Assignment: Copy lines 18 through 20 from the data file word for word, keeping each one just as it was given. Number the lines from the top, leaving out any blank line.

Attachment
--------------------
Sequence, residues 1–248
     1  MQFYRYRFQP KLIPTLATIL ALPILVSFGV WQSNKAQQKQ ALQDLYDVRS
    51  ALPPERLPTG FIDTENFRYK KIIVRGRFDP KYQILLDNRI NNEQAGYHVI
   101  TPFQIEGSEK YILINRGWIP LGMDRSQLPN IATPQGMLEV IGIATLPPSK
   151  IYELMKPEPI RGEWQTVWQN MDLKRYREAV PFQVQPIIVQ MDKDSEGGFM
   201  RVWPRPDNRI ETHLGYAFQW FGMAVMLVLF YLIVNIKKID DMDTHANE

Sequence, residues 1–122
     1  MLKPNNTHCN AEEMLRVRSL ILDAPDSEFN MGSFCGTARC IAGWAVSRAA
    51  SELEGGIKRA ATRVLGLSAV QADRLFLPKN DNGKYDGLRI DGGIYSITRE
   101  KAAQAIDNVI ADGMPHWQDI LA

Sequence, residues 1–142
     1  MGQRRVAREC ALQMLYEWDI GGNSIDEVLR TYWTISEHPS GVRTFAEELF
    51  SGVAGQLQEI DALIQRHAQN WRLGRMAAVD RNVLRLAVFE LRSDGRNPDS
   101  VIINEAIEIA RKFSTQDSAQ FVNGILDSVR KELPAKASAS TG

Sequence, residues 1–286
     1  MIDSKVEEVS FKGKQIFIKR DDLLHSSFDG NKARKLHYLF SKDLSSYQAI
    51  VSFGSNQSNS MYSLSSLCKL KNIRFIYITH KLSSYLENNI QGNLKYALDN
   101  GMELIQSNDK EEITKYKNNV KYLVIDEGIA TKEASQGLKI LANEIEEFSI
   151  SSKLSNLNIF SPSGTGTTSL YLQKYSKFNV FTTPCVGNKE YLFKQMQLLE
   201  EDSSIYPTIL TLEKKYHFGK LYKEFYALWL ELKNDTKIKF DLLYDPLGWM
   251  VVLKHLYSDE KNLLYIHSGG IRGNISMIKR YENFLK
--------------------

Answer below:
   101  GMELIQSNDK EEITKYKNNV KYLVIDEGIA TKEASQGLKI LANEIEEFSI
   151  SSKLSNLNIF SPSGTGTTSL YLQKYSKFNV FTTPCVGNKE YLFKQMQLLE
   201  EDSSIYPTIL TLEKKYHFGK LYKEFYALWL ELKNDTKIKF DLLYDPLGWM